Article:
Important Info You Should Know About Quick Disconnect Fittings

Quick disconnect fittings, also referred to as quick release couplings or quick connects, are designed to enable quick and simple connecting and disconnecting of fluid lines. These manually operated fittings replace fittings that would need to be assembled or disassembled with tools.

You can find quick disconnect valves and fittings in a wide range of industries, and in many different categories. Ultimately, these quick disconnect features make for a much simpler experience for the user, as it becomes easier to connect and disconnect fittings. They also help prevent fluid leakage, because it’s easier for users to connect them correctly.

Design considerations

Before choosing a quick disconnect fitting, it’s important to consider various design elements.

For starters, you will need a fitting that is capable of delivering the level of flow you need. The fitting should also be able to handle the maximum pressures that will be present in the application. Materials used for the design of the disconnect must be compatible with the fluid it will be working with, and with the temperatures in which it is most likely to be used.

Some fittings might need to be operated with only one hand, which is another important design consideration. Other fittings might require shutoff mechanisms in either end of the connector.

It’s a good idea to consult with an expert on the design you need for your fittings before making your purchase.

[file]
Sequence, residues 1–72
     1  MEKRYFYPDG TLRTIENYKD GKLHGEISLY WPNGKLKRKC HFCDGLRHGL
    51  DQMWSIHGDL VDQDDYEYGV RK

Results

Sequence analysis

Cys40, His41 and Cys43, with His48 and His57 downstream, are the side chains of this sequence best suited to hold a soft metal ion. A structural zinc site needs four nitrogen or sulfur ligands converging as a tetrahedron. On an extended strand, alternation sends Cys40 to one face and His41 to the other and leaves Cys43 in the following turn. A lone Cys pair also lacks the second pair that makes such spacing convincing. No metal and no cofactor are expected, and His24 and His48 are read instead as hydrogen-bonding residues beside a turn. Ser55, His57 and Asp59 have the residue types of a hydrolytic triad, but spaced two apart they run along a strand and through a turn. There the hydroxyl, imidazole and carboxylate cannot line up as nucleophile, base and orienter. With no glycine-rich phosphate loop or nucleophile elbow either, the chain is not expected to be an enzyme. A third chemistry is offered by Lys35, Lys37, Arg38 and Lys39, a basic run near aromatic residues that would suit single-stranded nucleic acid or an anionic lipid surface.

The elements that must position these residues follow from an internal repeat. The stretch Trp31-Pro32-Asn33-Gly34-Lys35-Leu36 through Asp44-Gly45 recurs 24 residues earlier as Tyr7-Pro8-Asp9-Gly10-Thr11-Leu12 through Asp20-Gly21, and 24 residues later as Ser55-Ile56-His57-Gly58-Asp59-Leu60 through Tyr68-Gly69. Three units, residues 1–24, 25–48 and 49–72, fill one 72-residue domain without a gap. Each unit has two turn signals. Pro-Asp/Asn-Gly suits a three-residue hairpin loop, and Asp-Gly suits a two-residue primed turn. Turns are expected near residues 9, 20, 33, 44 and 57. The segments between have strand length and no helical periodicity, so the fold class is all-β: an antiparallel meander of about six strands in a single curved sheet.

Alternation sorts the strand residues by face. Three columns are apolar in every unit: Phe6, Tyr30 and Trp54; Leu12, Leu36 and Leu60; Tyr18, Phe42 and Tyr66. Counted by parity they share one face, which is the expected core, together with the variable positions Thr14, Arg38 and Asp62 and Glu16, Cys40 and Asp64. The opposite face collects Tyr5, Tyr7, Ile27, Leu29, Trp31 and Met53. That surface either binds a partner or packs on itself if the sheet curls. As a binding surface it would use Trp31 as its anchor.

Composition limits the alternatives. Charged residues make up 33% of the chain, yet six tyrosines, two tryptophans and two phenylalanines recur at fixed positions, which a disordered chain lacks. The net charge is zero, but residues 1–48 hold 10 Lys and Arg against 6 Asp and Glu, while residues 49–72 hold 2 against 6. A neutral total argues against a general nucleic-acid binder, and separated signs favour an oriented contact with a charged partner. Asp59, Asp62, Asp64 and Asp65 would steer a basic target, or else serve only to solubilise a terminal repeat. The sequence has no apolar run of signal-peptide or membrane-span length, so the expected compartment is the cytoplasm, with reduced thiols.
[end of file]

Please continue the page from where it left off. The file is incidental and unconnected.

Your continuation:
Examples of quick disconnect fittings

There are several types of quick disconnect valves and fittings you should be familiar with:

  • Snap fittings: Snap type fittings with ball latching mechanisms are the most common style of quick disconnect fitting. They feature a spring-loaded ball latching mechanism that automatically locks each half of the fitting together. When the system pulls back the releasing sleeve, both the internal and external ends disengage from each other quickly. This makes it easy to use multiple connections throughout the product’s life cycle, and for the fittings to be disconnected with just one hand.
  • Nonlatching fittings: If you need the capability of performing fast service in a relatively tight area, non-latching quick disconnects may be the best option. If a part of the device needs to be changed out frequently or if you want to integrate the fitting into your own unique mounting plate, these are also circumstances in which you will select this type of fitting. These fittings typically have self-sealing valves, meaning they will contain the fluid in one or more lines upon being disconnected.
  • No shutoff: These quick disconnect fittings are frequently used when you need high flow rates. They will most frequently be used in applications featuring non-hazardous gases or low-pressure air.
  • Shutoff fittings: You can find both single and double shutoff fittings. In a single shutoff fitting, the internal half of the assembly will have a valve that prevents the flow from continuing. In a double shutoff fitting, both the internal and external ends will have those shutoff valves.

So, what are quick disconnects, and what is the best kind for your application? Contact Hydraulic Power Sales, Inc. today to learn more.